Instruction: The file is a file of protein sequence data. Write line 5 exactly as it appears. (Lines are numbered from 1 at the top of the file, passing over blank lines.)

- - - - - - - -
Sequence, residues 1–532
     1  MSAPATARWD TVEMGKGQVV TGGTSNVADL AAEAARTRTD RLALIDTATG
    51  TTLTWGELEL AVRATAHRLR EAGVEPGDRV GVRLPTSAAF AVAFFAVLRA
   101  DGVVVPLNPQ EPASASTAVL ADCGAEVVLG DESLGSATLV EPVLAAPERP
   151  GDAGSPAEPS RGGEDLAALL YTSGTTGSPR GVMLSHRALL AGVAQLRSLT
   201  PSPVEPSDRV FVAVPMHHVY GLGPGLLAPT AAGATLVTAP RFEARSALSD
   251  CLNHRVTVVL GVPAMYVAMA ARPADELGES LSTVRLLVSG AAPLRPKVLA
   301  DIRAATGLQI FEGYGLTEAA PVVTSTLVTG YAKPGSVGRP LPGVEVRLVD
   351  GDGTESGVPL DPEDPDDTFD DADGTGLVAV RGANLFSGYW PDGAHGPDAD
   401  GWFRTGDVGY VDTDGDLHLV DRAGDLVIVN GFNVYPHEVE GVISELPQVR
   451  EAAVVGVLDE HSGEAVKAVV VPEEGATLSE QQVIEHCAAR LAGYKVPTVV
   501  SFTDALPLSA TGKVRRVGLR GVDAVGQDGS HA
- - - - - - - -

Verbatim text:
   151  GDAGSPAEPS RGGEDLAALL YTSGTTGSPR GVMLSHRALL AGVAQLRSLT